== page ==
This review contains spoilers.
4.2 Fast Time At Ridgemont High
“After everything I’ve lived through, I don’t think going back to text books and cafeteria politics is really my scene”
With this line, Mad Dog sums up the problem with tonight’s Riverdale.
Following seasons packed with serial killers, cults, and murderous RPGS, it’s hard to care about the stories of typical teenage life that this episode places front and centre. How can we possibly be concerned with things like football practice when we already have seen Archie nearly murdered by a bear while on the run from his girlfriend’s drug kingpin father? I’m sorry, but as a viewer I’m just not capable of the cognitive dissonance required in order to buy what this episode is selling.
Fortunately, this is Riverdale. By the time the end credits roll we are reminded that in just a few months Jughead will go missing and life in the town will return to (chaotic) business as usual. Besides, Betty’s mother is still in a cult, Cheryl is having heart to hearts with her dead brother, and Veronica makes the stupefying choice to hold a press conference in which she performs a standard from Chicago for no good reason. So this ain’t quite Party Of Five territory. Still though, high school-based stories? Hard pass.
As Jughead tells us in his opening narration, the rest of the summer was spent trying to help Archie cope with the death of his father. (As seen in last week’s excellent instalment). But now the time has come for the gang to begin their senior year. Colleges have to be applied to, dances need to be planned, etc. There’s a new principal at Riverdale High, Mr. Honey (Kerr Smith).
He’s presented as an enemy for wanting to bring “order, discipline, consequences” to the school. His first order of business? He cancels the Back to School Dance that Cheryl and Toni were planning. (“At the last student dance multiple students were murdered,” he deadpans). Despite seeming to have a reasonable grasp of the hellhole he was assigned to, Mr. Honey is viewed as an enemy, someone who dares to challenge the hair-flipping wunderkind that is Cheryl Blossom.
Meanwhile, another new authority figure, Mr. Chipping (Sam Witwer) read the short story that Jughead wrote in the previous episode and was so impressed that he simply must have our burger-chomping, mystery-solving savant attend the prestigious prep school he works at. Veronica warns Jughead that there is no school “more nihilistic or privileged” than Stonewall Prep, but he doesn’t care. Why? Because he can have a deep conversation about Moby Dick there, maaaaannnn. Given Riverdale‘s history with Heathers, I could only think of that flick’s referencing of the Melville classic and try to find a narrative throughline here. Frankly, I’m exhausted.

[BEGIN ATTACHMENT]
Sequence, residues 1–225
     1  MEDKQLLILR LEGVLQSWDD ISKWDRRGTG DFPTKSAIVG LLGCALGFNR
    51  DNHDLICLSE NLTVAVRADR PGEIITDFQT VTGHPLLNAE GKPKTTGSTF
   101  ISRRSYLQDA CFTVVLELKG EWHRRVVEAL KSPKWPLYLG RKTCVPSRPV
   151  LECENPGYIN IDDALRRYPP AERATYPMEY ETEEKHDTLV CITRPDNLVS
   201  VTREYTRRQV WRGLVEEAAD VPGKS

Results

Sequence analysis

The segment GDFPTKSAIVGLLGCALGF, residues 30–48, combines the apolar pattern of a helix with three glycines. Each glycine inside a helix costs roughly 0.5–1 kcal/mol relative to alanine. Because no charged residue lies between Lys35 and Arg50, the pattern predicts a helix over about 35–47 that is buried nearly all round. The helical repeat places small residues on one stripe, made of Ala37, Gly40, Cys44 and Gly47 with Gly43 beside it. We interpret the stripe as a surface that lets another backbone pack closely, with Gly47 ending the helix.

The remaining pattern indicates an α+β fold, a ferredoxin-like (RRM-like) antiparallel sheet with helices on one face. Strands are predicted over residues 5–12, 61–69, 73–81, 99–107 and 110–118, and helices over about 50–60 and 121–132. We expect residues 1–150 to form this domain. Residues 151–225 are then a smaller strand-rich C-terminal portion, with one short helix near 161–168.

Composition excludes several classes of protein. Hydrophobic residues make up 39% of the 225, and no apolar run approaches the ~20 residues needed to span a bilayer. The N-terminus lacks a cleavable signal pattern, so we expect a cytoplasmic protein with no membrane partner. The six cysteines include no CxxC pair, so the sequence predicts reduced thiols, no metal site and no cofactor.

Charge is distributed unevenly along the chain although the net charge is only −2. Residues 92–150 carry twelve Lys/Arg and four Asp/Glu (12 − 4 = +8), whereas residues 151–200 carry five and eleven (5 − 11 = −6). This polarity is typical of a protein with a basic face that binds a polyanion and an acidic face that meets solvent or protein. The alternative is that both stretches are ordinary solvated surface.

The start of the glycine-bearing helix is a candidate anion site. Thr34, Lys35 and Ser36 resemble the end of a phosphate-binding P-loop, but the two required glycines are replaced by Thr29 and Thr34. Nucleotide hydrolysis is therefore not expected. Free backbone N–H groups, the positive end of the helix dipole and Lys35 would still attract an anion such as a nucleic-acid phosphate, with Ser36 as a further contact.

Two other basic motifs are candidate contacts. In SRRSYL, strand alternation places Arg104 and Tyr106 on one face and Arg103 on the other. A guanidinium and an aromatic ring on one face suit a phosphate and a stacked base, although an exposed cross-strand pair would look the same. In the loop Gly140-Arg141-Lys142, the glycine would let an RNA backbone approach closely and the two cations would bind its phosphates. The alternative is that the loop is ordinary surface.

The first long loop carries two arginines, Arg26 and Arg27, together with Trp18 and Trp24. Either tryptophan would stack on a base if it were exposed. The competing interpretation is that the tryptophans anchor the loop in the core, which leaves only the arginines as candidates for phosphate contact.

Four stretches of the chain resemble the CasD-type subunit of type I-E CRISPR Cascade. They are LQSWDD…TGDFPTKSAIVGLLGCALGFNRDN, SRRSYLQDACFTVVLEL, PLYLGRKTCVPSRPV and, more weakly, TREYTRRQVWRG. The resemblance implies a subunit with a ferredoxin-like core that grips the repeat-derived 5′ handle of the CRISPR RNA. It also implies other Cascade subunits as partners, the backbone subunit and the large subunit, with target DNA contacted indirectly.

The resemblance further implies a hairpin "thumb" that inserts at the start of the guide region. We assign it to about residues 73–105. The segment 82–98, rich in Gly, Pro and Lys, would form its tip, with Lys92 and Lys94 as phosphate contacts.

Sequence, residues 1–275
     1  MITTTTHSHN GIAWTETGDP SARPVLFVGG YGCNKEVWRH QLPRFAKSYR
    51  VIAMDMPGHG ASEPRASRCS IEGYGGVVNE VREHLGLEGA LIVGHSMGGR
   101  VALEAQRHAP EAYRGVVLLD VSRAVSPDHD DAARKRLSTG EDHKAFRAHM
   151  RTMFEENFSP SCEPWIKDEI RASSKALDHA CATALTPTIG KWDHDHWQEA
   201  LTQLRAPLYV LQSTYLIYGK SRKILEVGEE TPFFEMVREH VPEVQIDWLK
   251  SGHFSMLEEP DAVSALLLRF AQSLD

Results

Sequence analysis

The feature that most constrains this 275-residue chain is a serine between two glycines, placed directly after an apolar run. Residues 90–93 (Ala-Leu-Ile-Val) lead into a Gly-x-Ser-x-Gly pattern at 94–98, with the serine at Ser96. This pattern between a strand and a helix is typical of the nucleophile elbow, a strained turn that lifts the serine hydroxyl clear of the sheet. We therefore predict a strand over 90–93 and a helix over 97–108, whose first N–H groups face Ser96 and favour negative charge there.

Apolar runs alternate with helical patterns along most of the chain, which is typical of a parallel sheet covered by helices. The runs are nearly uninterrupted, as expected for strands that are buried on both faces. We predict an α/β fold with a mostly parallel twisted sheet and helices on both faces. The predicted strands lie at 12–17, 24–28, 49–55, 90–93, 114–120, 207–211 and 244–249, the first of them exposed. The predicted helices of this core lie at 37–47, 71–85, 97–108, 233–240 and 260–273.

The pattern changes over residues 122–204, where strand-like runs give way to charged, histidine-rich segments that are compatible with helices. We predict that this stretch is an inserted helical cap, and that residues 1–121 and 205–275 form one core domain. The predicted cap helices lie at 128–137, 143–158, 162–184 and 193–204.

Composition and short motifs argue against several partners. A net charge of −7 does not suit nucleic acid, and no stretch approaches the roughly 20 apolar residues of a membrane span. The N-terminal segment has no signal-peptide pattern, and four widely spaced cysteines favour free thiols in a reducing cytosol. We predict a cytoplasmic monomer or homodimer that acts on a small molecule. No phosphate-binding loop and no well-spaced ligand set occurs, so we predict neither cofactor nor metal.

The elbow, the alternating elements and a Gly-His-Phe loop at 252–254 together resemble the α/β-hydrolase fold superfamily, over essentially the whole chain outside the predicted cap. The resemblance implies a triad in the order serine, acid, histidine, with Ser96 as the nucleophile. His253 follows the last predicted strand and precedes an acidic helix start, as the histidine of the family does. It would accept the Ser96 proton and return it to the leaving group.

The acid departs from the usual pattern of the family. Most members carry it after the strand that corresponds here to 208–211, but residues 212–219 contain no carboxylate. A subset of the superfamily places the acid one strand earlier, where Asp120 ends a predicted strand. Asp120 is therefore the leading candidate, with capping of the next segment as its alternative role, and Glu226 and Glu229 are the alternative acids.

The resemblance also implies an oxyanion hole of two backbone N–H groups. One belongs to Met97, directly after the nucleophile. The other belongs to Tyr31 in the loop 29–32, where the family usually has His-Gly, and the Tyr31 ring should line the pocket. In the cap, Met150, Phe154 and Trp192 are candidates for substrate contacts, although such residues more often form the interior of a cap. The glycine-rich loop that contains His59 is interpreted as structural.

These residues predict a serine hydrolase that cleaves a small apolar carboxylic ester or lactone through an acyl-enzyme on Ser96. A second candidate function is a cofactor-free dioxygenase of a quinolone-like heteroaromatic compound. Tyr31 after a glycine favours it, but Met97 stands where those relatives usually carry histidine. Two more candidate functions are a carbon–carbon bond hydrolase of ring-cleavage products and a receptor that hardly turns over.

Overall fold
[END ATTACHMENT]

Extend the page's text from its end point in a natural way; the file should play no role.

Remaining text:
To recap: Jughead, a man who goes on endlessly about how the most important things in the world are his friends, his family, and the Serpents, decides to drop off all the above in order to do some Dead Poets Society cosplay with characters who have names like Bret Weston Wallace. Sure, this is totally in line with what we know about the character and not at all a contrivance. Eye-roll commencing.
But with Jughead off to indulge in intellectual pursuits, Betty has some free time to try to track down her mom. As she and Charles do their own half-assed remake of Mindhunter, Kevin appears and actually gets some screen time this week. Then he immediately betrays Betty after begging for her forgiveness then runs back into the arms of Fangs/The Farm.
“You are so messed up Kev” indeed.
Betty being a total sweetheart and never one to distrust someone who is clearly betraying her tells Kevin all about her mom’s infiltrating of The Farm. Eventually Charles agrees with Betty’s tactics, because in the world of Riverdale it is perfectly normal for law enforcement agents to have no idea what they are doing – if they aren’t just outright hooligans to begin with. (F.P., I kid). So next week we will have a Farm Throwdown, whereupon which Kevin may or may not screw over Betty again before disappearing from the show for weeks at a time. Whee!
Then comes Reggie. A storyline that could have been a thoughtful exploration of the impact of child abuse left turns instead into a jarring Ferris Bueller’s Day Off homage. I genuinely have no idea what the hell this was all about. Somewhere there is a great connection to be made about how the children of Riverdale are continually being forced to answer for their parents’ sins – especially in light of how Veronica declares “I stand with and for myself” after wowing a quintet of journalists with her take on Fosse choreography – yet none of that comes across on screen. Playing lip service to such a serious topic is not a good look, and something that Riverdale should aspire to be better than.
With the season just ramping up and having to establish what its driving plots will be, it is somewhat understandable that this episode was such a clunky wheel spinner.
Read Chris’ review of the previous episode, In Memoriam, here.
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